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I just noticed the press release, "HOK, Leica Geosystems and Bricsys Announce "Scan-to-BIM" Initiative". I have been searching for a viable way to scan the warehouses where my company installs refrigeration chambers. It is not unusual to have to obtain measurements of a crowded warehouse. But, a system that is 10's of thousands is out of the question. So, I hope this initiative is seeking to get something viable for the small company. I will share some of my thoughts, in hopes that it gets some attention.
Ideally, such a scanner would be cheap, and easy enough to use, that we could even mail it to a distant customer, and talk him through setting it up to do a scan of his warehouse. Then, it would provide us a 3D scan of the facility. It would not have to be very detailed, in the 3D model. I don't need to measure the diameter of every piece of water pipe on the wall. But, if I can see an image that is detailed enough, as I do a virtual tour, I at least can see that there is a pipe there, and can ask for more information if needed.
There are several mature technologies to make measurements, so that such a device should be fairly cheap. The "Project Tango" proved to be too inaccurate for larger places, typical of business or industry. But it seemed to be designed for gaming, where they don't need as much accuracy.
In the U.S. you can get a laser distance meter for $40 that can provide +/- 1/16" accuracy at 100ft. I realize these are not doing continuous readings at a very fast rate, but a manufacturer could mount several sensors in a single unit, aimed at slightly different angles. Mount it on a tripod and let it slowly spin around the room to capture the walls and ceiling. And you don't need a zillion points of measurement to determine the dimensions of a wall. I realize that if a point is only every foot, it would not "see" things like windows, or water pipes on the walls. But, if an image were also taken, the user could see that they are there in a virtual tour. So, it could do a room scan in a minute or two. It may also have the intelligence to know when there is a sudden change in the direction of a wall, or a hole, that may be a corner or a doorway. So, it might automatically return to those areas to get a denser scan. The unit could be sold for less than $300, I am sure.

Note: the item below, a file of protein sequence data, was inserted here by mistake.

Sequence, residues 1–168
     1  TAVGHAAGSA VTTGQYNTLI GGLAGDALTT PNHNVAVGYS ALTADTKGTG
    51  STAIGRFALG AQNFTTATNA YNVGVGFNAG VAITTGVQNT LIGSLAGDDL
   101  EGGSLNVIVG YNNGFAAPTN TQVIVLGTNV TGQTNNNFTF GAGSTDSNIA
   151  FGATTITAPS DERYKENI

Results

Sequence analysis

Other technologies are faster, such as the laser scanners that are now sitting on top of robotic floor vacuums., and Time-of-Flight cameras are also fairly affordable now, even if the pixel count is not very dense.
Concerning point clouds. There is on weakness in them that would affect scans of commercial buildings. Unless the point cloud density is smaller than the smallest item you want to "see", you would miss detecting things like trusses. Something like a laser with a fanned beam is a better approach for them. This technology is commonly used for scanning small things, like an 8" tall figurine. But, there is no reason it cannot be adapted to scan a ceiling to detect the trusses on a ceiling. Then, perhaps extract the elevation, and locations of the trusses, even if it does not try to model every detail of the truss.
For decades there have been university projects, where a college kid makes some very low cost way to scan a room. But, such things seem to never make it to the market. Hopefully, this initiative with BricsCAD involved, will produce something viable for the average user of BricsCAD.
For my fellow user, please speak up if you think I have hit onto something you are interested in seeing.